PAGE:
Rampers

taters

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Just wondering, Anyone flying right now that used to work ramp/ground? I worked ramp for CHQ until the station was shut down..I'm intersted if previous experience helps out or not when I'm ready get going....








God bless those in New Orleans
 
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wilde737

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I worked on the ramp for almost three years. It's defenitely good to get networking. It's all about who you know!
 

Edct

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If you're asking if ramp experience helps with a pilot job, the short answer is not really, but it's certainly good experience. I've flown with some guys who were working rampers who were rehired as pilots but I don't know that it helped much. What it will do is give you some perspective. I just smile when I hear people whine about lazy/inept/worthless rampers, knowing they've never been on that side of the windshield and don't have the first clue what the job entails.

fairtax.org
 

Tomct

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:cool:Yes, working the ramp definately gives you better appreciation for your job! It also helps you understand how the operation works. You have a better view of the "Big Picture" and it helps you do things better! I have to laugh when I hear people say bad things about rampers. In DFW, we had excellent ramp personel! I worked as a load master for three years at a major, and I really liked the job! Great job if you are also finishing college! Good Luck!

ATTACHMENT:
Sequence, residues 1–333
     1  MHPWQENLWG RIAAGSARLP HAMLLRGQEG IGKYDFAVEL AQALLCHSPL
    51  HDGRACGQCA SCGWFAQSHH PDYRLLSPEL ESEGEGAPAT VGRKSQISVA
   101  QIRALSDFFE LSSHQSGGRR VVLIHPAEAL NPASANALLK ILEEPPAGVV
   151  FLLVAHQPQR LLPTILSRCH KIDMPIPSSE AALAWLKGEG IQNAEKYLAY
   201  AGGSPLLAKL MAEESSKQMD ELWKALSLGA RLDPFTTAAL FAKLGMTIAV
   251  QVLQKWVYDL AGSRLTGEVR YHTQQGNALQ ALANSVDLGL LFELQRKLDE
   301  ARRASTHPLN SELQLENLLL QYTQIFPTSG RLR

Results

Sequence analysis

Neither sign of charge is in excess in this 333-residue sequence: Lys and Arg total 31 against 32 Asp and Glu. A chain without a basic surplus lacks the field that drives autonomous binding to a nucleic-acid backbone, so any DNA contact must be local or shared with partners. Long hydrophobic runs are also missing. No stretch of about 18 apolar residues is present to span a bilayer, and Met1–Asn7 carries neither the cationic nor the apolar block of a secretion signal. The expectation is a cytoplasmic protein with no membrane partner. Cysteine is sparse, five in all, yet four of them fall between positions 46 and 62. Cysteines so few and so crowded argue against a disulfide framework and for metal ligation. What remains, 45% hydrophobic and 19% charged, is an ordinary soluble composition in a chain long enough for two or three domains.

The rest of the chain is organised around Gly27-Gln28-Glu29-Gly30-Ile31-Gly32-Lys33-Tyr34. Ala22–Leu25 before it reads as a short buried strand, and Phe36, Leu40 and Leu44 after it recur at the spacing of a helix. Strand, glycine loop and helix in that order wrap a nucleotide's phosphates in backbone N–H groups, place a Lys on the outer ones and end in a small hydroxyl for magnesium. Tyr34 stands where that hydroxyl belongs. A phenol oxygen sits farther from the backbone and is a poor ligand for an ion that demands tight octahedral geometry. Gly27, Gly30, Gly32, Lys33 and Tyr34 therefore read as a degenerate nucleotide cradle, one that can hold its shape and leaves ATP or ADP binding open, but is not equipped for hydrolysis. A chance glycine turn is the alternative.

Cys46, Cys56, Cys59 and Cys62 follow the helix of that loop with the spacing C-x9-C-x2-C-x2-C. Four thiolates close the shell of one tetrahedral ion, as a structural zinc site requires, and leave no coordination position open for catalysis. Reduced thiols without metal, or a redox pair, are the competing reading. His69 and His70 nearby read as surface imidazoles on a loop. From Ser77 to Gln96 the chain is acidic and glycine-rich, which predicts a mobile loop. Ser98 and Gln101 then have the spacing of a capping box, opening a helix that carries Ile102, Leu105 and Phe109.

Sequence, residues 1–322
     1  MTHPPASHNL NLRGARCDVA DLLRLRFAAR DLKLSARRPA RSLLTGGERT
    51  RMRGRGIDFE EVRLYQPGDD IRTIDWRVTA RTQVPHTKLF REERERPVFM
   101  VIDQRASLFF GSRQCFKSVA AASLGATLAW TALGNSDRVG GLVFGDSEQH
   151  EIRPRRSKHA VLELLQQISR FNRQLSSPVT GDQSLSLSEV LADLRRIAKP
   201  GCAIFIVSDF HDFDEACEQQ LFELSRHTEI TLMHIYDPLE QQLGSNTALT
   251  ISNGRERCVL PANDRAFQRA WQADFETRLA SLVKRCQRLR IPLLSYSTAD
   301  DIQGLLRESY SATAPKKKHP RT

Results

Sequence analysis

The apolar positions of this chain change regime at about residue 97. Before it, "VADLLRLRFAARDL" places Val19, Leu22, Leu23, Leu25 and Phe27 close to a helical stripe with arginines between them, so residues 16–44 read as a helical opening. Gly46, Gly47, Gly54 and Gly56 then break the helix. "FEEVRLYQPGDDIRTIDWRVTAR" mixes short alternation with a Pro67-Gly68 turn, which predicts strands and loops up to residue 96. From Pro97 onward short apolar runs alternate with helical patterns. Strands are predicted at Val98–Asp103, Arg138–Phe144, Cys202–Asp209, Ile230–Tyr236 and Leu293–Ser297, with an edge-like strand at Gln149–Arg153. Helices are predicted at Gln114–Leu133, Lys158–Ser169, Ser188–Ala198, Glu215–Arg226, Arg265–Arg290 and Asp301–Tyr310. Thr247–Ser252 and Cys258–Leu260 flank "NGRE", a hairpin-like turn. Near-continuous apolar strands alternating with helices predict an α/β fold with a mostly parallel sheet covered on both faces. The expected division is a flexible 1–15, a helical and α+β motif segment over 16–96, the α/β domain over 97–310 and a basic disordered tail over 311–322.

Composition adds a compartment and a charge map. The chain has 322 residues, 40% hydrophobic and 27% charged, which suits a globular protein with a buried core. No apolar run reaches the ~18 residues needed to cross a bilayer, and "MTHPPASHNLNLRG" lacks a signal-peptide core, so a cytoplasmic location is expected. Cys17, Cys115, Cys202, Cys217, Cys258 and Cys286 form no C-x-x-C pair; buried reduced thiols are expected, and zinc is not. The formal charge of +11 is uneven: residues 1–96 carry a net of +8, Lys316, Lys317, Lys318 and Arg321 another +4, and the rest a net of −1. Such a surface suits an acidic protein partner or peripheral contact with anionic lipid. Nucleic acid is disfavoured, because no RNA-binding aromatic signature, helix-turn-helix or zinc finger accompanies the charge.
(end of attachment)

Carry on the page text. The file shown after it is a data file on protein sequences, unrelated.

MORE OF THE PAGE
blackbox

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I think you are better off being a line guy at Million Air/Signature/Mercury. You will make better connections working at an FBO than loading bags for any airline.
 

BLing

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blackbox said:
I think you are better off being a line guy at Million Air/Signature/Mercury. You will make better connections working at an FBO than loading bags for any airline.

I dont know, I have quite the network as a result of working the for both CHQ and now PCL. I'd have to say working the counter or gate helps to build a better network. The days when I get stuck at the counter or gate are when I usually add to my network. The days out on the ramp usually dont allow much time to network. Either way, if the airlines are the route you want to take, working on the gound can be a great help for a future pilot career.
 

Spinplate

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BLing said:
I dont know, I have quite the network as a result of working the for both CHQ and now PCL. I'd have to say working the counter or gate helps to build a better network. The days when I get stuck at the counter or gate are when I usually add to my network. The days out on the ramp usually dont allow much time to network. Either way, if the airlines are the route you want to take, working on the gound can be a great help for a future pilot career.